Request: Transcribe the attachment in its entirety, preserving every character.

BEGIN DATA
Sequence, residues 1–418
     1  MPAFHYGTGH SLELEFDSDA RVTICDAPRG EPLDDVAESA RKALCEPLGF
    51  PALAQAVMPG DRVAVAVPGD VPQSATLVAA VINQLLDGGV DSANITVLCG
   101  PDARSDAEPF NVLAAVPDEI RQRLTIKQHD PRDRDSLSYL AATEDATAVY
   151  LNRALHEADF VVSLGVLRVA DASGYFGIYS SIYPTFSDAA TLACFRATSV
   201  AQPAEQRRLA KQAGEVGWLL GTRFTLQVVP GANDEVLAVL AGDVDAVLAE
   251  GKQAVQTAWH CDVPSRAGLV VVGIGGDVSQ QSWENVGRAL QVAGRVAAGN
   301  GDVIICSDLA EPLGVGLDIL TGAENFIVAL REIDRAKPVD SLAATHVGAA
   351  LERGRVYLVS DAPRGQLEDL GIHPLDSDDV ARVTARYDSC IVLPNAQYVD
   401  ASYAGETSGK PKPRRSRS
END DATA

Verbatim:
Sequence, residues 1–418
     1  MPAFHYGTGH SLELEFDSDA RVTICDAPRG EPLDDVAESA RKALCEPLGF
    51  PALAQAVMPG DRVAVAVPGD VPQSATLVAA VINQLLDGGV DSANITVLCG
   101  PDARSDAEPF NVLAAVPDEI RQRLTIKQHD PRDRDSLSYL AATEDATAVY
   151  LNRALHEADF VVSLGVLRVA DASGYFGIYS SIYPTFSDAA TLACFRATSV
   201  AQPAEQRRLA KQAGEVGWLL GTRFTLQVVP GANDEVLAVL AGDVDAVLAE
   251  GKQAVQTAWH CDVPSRAGLV VVGIGGDVSQ QSWENVGRAL QVAGRVAAGN
   301  GDVIICSDLA EPLGVGLDIL TGAENFIVAL REIDRAKPVD SLAATHVGAA
   351  LERGRVYLVS DAPRGQLEDL GIHPLDSDDV ARVTARYDSC IVLPNAQYVD
   401  ASYAGETSGK PKPRRSRS